From my tests comparing AirTag and Tile, I found that ultrawideband was far superior to Bluetooth for finding items. What’s more, the AirTag demonstrated that ultrawideband is next-generation tech that is worth getting excited about.

1Blocker 4.0 Adds In-App Tracker Blocking With Its New Firewall Feature, by John Voorhees, MacStories

Firewall takes that a step further by automatically blocking trackers and doing so even if the trackers are what are known as first-party trackers because they don’t correlate your data with data collected by other companies. It’s an extra layer of protection between you and data brokers.

Hands On: Twelve South Forte Is A MagSafe Charging Stand For iPhone & AirPods, by Andrew O'Hara, AppleInsider

Forte is great because you can easily remove your MagSafe puck at any time to take with you for travel, and it is very adjustable. Few other stands can tilt and are instead locked at a fixed angle. Not to mention the ability to charge AirPods right on top.

Nomad Base Station Mini Review: A Compact + Premium Charger, by Blair Altland, 9to5Toys

Anyone looking for a sleek nightstand charging solution for a single device, or maybe to add in the family room or other commonly shared places, will find this to be a compelling option.

SanDisk iXpand Flash Drive Luxe Review: Storage For iPhone, iPad & Mac, by Ed Hardy, Cult of Mac

The SanDisk iXpand Flash Drive Luxe includes both Lightning and USB Type-C connectors so it plugs into almost any computer. You can easily access the same collection of files from an iPhone, Mac or iPad without resorting to iCloud, etc. Even better, the drive is small and comes in an all-metal casing.


Microsoft's Surface Pro Can't Keep Up With Apple's iPad Pro Anymore, by Rich Woods, XDA

Apple had come along with this idea for a third device, and Microsoft was the one that was trying to cram a computer into a tablet that would be your only device. Apple’s strategy has evolved over time, but Microsoft’s hasn’t too much.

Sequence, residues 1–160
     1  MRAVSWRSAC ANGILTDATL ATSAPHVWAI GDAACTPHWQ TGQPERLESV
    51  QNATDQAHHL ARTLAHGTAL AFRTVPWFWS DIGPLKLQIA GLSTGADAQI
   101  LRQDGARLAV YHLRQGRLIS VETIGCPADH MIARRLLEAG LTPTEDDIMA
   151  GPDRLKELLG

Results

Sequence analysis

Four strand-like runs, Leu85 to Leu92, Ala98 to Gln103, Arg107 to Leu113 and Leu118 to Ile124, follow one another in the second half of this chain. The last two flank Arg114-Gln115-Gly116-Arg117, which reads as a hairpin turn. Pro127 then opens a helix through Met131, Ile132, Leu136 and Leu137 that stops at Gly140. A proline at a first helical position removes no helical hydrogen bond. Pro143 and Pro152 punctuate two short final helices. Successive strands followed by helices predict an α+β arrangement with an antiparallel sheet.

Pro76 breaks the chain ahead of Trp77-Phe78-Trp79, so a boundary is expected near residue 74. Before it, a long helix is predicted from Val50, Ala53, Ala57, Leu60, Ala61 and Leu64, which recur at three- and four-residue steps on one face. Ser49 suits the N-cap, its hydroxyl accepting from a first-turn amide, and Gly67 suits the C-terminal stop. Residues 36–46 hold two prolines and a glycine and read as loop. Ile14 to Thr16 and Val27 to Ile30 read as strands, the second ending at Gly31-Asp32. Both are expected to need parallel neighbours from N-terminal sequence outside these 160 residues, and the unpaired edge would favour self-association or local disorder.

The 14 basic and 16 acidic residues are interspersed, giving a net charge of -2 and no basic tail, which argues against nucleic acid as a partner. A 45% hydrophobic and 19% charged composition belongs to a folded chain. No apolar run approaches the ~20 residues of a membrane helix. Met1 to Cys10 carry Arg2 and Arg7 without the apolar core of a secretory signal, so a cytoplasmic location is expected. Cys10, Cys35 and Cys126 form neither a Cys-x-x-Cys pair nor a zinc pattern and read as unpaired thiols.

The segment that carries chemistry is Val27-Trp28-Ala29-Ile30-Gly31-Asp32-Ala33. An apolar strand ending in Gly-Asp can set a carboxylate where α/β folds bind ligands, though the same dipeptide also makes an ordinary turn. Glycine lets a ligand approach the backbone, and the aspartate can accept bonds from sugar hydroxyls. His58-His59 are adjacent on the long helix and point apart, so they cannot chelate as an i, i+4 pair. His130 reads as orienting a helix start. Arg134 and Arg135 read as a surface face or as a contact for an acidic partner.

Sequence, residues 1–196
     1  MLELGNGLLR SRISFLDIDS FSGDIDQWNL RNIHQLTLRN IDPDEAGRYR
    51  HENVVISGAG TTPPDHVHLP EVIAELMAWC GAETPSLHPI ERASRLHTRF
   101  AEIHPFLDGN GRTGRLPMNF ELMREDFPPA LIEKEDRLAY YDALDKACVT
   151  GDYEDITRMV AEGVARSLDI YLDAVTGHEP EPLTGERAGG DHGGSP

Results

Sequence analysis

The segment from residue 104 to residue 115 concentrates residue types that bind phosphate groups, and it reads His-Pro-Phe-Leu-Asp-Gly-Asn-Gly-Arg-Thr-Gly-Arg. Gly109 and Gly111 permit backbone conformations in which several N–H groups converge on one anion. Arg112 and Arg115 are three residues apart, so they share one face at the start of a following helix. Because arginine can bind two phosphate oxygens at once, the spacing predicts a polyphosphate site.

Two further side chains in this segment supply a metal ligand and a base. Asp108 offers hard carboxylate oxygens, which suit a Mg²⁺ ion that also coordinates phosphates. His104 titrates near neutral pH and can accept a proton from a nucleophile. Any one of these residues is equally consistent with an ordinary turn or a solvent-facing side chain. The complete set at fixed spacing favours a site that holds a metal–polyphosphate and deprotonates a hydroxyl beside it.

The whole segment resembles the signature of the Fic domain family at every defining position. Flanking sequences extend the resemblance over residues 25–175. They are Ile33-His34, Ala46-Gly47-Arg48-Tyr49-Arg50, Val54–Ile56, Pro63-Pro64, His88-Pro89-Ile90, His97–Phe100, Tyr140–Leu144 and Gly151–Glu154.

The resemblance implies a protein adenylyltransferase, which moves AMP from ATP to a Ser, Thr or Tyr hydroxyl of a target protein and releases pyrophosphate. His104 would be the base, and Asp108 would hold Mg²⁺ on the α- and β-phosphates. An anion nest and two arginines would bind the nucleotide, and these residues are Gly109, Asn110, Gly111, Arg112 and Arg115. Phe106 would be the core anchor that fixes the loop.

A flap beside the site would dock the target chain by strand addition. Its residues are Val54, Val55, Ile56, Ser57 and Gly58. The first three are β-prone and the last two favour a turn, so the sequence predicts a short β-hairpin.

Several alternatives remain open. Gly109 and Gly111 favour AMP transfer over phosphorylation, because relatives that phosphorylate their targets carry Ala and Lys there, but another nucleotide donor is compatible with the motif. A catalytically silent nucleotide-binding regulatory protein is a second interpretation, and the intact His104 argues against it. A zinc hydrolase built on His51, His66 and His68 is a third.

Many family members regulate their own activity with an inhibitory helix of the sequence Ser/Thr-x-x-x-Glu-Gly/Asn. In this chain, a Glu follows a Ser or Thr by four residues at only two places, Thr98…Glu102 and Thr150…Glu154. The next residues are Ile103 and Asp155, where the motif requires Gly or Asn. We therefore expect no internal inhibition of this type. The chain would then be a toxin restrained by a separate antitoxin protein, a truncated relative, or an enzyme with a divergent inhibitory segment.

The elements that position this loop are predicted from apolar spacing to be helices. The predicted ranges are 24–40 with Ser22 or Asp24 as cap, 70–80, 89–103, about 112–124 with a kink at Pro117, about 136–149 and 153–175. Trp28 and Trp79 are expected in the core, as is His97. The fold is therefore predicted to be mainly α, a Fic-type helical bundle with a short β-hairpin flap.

How To Live In Wonder, by Caitlin Johnstone

Wonder comes naturally to a very small child. To fresh eyes, eyes whose vision hasn’t been obscured the cataracts of knowing, the cataracts of “I know what that is, that’s just a flower, I’ve seen lots of those,” wonder is the natural response to the experience of perception on this unfathomably beautiful planet of ours.

But to victims of adult-mind this experience has been lost. Eyes that have been ravaged by adult-mind scan past a million tiny miracles every single day while attention is turned toward stale, repetitive stories in the head about a character called “me” and its various relationships with life.

🚨 What Really Happened At Basecamp, by Casey Newton, Platformer

Interviews with a half-dozen Basecamp employees over the past day paint a portrait of a company where workers sought to advance Basecamp’s commitment to diversity, equity, and inclusion by having sensitive discussions about the company’s own failures. After months of fraught conversations, Fried and his co-founder, David Heinemeier Hansson moved to shut those conversations down.


“We've hired opinionated people, we've created opinionated software, and now basically the company has said, ‘well, your opinions don't really matter — unless it's directly related to business,’” one told me. “A lot of people are gonna have a tough time living with that.”

Bottom of the Page

In a fantasy world of iMessages-on-Android, Apple may well be selling less iPhones, but Apple may be selling a whole lot of iMessages stickers.


Thanks for reading.

(sent with Laser)